The holidays can be exciting and magical. They can also be challenging and stressful—especially for those caring for an aging loved one. According to the Caregiver Action Network, family caregivers spend an average of 20 hours a week providing care to older adults with special needs—and those with dementia or Alzheimer’s require an even greater commitment of time from family members.
It’s safe to say that this season, spouses, sons, daughters, grandchildren, and others will be balancing their long-term caregiving responsibilities for aging loved ones with family, work, and holiday planning. To help you manage your time while keeping your loved one safe and engaged in the festivities of the holiday season, here are some tips to help prepare you for a holiday that is as stress-free as possible:
Be clear about your holiday plans
We are all guilty of trying to “fit it all in” for the holidays. “Fitting it all in” becomes the priority but overbooking can add a considerable amount of stress and anxiety to the holiday season, in addition to those responsibilities associated with caring for an aging loved one. Be kind with yourself and instead proactively decide early on what you want and do not want to do. Be realistic about your time and ultimately, your aging loved one’s safety and well-being and choose the invitations you’re excited to take. Please do not feel guilty when opting out of plans that put an overall burden on your already hectic schedule.
Prepare your loved one for any events and changes outside of their normal routine
When you are a caregiver for a loved one aging in place with certain conditions such as dementia or Alzheimer’s, preparation can be the difference between pleasant moments and challenging behaviors. Prepare your aging loved one for holiday festivities by sharing your plans a few weeks ahead of time. Discuss who else will be there and what they can expect. When possible use visual prompts, like pictures to help them identify the faces of the people they will see. In the case of an aging loved one with very specific dietary needs, take time to prepare foods they will truly enjoy ahead of time and plan to bring the meal with you.
Create new traditions with your aging loved ones
Undoubtedly, one of the biggest challenges in both caregiving and the holidays, is finding the time and energy to get it all done. Say for instance, decorating and shopping are traditions that may have been easy and even a joy to honor in the past seem virtually impossible to accomplish now. No need to add the pressure of perfecting those traditions, if they are no longer working or serving your family. Create new traditions that are more in line with the lifestyle your loved one now lives. It is okay to marry new and bits and pieces of older traditions. This can allow for a stress-free and more balanced holiday season.
Ensure their environment is safe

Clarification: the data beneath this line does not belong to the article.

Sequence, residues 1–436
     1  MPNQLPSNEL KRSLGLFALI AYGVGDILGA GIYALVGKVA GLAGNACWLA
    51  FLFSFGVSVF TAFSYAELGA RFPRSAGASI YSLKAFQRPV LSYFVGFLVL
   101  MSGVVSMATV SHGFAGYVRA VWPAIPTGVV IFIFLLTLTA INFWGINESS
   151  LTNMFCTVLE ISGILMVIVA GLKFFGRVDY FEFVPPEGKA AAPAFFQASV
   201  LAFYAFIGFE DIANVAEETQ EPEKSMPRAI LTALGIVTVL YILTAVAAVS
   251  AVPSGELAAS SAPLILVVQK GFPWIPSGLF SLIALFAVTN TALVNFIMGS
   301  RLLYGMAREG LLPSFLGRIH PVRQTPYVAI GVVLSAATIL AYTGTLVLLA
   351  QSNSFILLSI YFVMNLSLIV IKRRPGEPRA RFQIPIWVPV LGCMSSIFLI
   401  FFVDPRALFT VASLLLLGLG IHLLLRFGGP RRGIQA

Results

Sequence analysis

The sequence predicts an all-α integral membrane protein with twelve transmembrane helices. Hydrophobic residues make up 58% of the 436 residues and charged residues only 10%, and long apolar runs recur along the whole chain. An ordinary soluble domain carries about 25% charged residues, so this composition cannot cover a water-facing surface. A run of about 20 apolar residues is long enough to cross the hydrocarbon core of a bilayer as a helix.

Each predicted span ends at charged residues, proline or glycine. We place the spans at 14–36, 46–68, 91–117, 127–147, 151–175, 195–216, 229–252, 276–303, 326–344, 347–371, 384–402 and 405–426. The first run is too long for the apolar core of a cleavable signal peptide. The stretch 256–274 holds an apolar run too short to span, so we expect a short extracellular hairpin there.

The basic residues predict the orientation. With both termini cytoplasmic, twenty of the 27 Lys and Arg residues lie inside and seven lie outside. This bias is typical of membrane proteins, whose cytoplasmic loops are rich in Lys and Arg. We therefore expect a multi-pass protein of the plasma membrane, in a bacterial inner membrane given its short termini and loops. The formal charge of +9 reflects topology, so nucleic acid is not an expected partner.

For many, the holiday season often involves visiting and traveling to friends and relatives in their respective homes. Of course, with the rising concerns associated with COVID-19, these trips could very well pose risks for seniors. Plan a special holiday event in-home for your loved one. Please keep in mind that decorations, throw rugs, and dim lighting can create tripping hazards. If you are unable to remediate the fall hazards, be sure that your loved one has assistance when moving around. Loved ones with Alzheimer’s or dementia will need some special attention ensuring that they don’t wander or get distracted. If possible, take turns watching out for your loved one with a friend or loved one which gives everyone a chance to enjoy the festivities.
Enlist a backup caregiver to relieve you
There are some instances where an aging loved one may have triggers, such as crowds or loud noises that make it really difficult for them to truly enjoy an event, particularly when it involves strangers or new places. Reach out to another family member, friend, or neighbor to sit with your loved one for the night instead of canceling your plans if possible. When possible, solicit someone your loved one really enjoys spending time with. Perhaps, plan a special activity they would enjoy, like an arts and crafts project, a puzzle they can complete together or maybe a movie marathon with snacks to make the evening special for everyone.
Consider an attendant
A benefit of consumer-directed care is that you have the power of choice. You choose who comes into your home and is trained to care for the needs of your aging senior. Ultimately, keeping your loved one comfortable and safe in their home. Make the absolute best of the most wonderful time of year—for you and your aging loved one. Hands down, the greatest gift of the season is peace. Knowing your loved one is in capable and good hands provides an unmatched peace of mind.
Does your aging loved one have a The Americans with Disabilities Act (ADA) defines a person with a disability as a person who has a physical or mental impairment that substantially limits one or more major life activity. This includes people who have a record of such an impairment, even if they do not currently have a disability. It also includes people who do not have a disability but are regarded as having a disability. The ADA also makes it unlawful to discriminate against a person based on that person’s association with a person with a disability. More or special needs? Want to know how to get the resources and support you need? If you do not currently have one, you may qualify for a Medicaid Waiver. At Home Your Way/Moms In Motion can help your family navigate the system.
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